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The challenge of inner-city asthma.
Curr Opin Pulm Med 1999; 5(1):27-34CO

Abstract

Racial and ethnic minorities of low socioeconomic status residing in urban environments currently referred to as inner cities appear to represent a population that is disproportionately at high risk for asthma morbidity and mortality. Epidemiologic studies suggest that key risk factors contributing to asthma morbidity within the inner city include social demography, the physical environment (indoor and outdoor), and health care access and quality. This epidemiologic literature has helped to define opportunities for successful intervention strategies in these high-risk populations. Studies of the effectiveness of community-based and health system-based interventions with specific focus on inner-city populations are beginning to emerge in the literature.

Authors+Show Affiliations

Department of Immunology and Microbiology, Rush Medical College, Chicago, IL 60612, USA.No affiliation info availableNo affiliation info available

Pub Type(s)

Journal Article
Review

Language

eng

PubMed ID

10813246

Citation

Grant, E N., et al. "The Challenge of Inner-city Asthma." Current Opinion in Pulmonary Medicine, vol. 5, no. 1, 1999, pp. 27-34.
Grant EN, Alp H, Weiss KB. The challenge of inner-city asthma. Curr Opin Pulm Med. 1999;5(1):27-34.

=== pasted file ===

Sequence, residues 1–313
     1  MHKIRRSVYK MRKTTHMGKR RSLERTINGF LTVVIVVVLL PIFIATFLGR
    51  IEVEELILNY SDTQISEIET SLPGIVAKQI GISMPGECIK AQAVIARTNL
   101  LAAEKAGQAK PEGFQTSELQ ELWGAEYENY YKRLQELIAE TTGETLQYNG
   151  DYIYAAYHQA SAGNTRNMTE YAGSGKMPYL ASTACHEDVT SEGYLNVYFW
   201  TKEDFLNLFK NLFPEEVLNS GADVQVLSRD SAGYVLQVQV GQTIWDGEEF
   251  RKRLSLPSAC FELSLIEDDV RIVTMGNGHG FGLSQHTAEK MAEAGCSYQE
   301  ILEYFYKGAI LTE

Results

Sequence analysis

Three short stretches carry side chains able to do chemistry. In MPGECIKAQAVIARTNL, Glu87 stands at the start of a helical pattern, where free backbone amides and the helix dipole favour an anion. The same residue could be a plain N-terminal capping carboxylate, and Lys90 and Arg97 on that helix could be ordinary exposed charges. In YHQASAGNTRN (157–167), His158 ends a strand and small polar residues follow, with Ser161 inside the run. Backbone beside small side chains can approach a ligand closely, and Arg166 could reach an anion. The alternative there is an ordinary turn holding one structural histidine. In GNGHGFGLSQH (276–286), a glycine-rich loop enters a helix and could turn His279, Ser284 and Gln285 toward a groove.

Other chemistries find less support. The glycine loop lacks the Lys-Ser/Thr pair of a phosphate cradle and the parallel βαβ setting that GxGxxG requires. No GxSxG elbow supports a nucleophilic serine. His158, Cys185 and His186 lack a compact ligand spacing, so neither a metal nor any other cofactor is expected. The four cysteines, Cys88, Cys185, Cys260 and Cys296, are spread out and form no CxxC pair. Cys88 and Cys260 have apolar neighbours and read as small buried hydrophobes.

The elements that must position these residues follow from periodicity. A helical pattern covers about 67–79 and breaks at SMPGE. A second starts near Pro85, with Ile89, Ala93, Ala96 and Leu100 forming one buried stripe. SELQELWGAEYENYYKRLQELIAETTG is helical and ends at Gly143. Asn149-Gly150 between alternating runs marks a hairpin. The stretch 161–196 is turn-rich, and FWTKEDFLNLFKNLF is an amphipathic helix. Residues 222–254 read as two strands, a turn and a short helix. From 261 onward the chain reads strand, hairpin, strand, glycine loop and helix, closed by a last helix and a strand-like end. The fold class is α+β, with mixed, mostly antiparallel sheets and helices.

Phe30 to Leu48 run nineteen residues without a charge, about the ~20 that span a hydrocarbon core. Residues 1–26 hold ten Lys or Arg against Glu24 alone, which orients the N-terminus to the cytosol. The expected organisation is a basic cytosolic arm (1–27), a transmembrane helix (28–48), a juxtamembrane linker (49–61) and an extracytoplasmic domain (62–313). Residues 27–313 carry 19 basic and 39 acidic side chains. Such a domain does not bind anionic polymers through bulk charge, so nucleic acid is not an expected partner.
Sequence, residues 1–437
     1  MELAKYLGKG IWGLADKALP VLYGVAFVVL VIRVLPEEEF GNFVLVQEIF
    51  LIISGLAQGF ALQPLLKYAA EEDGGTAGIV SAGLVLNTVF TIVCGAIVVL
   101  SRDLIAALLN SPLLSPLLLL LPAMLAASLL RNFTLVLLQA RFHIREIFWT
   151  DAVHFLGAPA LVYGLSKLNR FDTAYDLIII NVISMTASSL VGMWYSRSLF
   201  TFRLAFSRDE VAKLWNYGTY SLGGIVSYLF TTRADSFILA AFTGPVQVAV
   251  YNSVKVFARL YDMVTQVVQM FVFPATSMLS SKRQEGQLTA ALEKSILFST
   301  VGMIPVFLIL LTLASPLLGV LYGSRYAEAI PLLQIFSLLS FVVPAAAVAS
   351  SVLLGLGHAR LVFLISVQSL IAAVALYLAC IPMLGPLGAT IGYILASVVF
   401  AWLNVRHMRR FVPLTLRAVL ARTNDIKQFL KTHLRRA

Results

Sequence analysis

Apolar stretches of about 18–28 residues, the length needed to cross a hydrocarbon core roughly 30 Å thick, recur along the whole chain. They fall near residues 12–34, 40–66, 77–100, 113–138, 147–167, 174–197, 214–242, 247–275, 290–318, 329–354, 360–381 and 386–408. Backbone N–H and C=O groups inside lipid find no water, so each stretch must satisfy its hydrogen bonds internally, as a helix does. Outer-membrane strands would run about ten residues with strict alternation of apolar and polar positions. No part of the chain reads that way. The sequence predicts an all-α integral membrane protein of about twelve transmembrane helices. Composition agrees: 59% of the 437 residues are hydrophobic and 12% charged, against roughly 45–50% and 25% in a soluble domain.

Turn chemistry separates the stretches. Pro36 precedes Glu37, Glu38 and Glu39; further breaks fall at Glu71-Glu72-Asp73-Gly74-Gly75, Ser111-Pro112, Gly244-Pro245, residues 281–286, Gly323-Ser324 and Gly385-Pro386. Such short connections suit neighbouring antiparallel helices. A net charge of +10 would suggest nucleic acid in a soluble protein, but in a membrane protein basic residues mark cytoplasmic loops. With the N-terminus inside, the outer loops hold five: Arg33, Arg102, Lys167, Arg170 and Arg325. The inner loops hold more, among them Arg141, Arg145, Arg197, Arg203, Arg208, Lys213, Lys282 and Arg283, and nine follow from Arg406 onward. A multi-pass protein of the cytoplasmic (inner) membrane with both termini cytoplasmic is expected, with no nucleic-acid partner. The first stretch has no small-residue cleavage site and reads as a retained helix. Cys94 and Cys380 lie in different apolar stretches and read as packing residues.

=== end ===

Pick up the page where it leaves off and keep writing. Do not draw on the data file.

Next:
Grant, E. N., Alp, H., & Weiss, K. B. (1999). The challenge of inner-city asthma. Current Opinion in Pulmonary Medicine, 5(1), pp. 27-34.
Grant EN, Alp H, Weiss KB. The Challenge of Inner-city Asthma. Curr Opin Pulm Med. 1999;5(1):27-34. PubMed PMID: 10813246.
* Article titles in AMA citation format should be in sentence-case
TY - JOUR T1 - The challenge of inner-city asthma. AU - Grant,E N, AU - Alp,H, AU - Weiss,K B, PY - 2000/5/17/pubmed PY - 2000/6/17/medline PY - 2000/5/17/entrez SP - 27 EP - 34 JF - Current opinion in pulmonary medicine JO - Curr Opin Pulm Med VL - 5 IS - 1 N2 - Racial and ethnic minorities of low socioeconomic status residing in urban environments currently referred to as inner cities appear to represent a population that is disproportionately at high risk for asthma morbidity and mortality. Epidemiologic studies suggest that key risk factors contributing to asthma morbidity within the inner city include social demography, the physical environment (indoor and outdoor), and health care access and quality. This epidemiologic literature has helped to define opportunities for successful intervention strategies in these high-risk populations. Studies of the effectiveness of community-based and health system-based interventions with specific focus on inner-city populations are beginning to emerge in the literature. SN - 1070-5287 UR - https://www.unboundmedicine.com/medline/citation/10813246/The_challenge_of_inner_city_asthma_ L2 - http://Insights.ovid.com/pubmed?pmid=10813246 DB - PRIME DP - Unbound Medicine ER -